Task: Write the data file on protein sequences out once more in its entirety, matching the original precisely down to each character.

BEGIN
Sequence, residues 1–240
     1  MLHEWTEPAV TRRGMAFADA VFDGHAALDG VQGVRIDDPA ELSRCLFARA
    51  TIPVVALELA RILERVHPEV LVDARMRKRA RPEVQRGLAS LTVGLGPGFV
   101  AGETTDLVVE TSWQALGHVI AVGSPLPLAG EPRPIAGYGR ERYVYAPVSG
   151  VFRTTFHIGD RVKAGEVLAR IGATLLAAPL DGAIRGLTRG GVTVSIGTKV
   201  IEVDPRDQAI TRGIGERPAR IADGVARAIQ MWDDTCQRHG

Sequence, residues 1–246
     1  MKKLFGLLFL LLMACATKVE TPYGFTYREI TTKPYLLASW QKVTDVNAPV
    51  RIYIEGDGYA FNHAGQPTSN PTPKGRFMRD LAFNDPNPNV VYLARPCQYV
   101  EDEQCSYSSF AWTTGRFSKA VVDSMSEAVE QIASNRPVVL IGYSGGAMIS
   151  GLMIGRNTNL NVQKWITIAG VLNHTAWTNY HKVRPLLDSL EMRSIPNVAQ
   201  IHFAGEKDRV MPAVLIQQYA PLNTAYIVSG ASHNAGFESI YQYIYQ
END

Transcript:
Sequence, residues 1–240
     1  MLHEWTEPAV TRRGMAFADA VFDGHAALDG VQGVRIDDPA ELSRCLFARA
    51  TIPVVALELA RILERVHPEV LVDARMRKRA RPEVQRGLAS LTVGLGPGFV
   101  AGETTDLVVE TSWQALGHVI AVGSPLPLAG EPRPIAGYGR ERYVYAPVSG
   151  VFRTTFHIGD RVKAGEVLAR IGATLLAAPL DGAIRGLTRG GVTVSIGTKV
   201  IEVDPRDQAI TRGIGERPAR IADGVARAIQ MWDDTCQRHG

Sequence, residues 1–246
     1  MKKLFGLLFL LLMACATKVE TPYGFTYREI TTKPYLLASW QKVTDVNAPV
    51  RIYIEGDGYA FNHAGQPTSN PTPKGRFMRD LAFNDPNPNV VYLARPCQYV
   101  EDEQCSYSSF AWTTGRFSKA VVDSMSEAVE QIASNRPVVL IGYSGGAMIS
   151  GLMIGRNTNL NVQKWITIAG VLNHTAWTNY HKVRPLLDSL EMRSIPNVAQ
   201  IHFAGEKDRV MPAVLIQQYA PLNTAYIVSG ASHNAGFESI YQYIYQ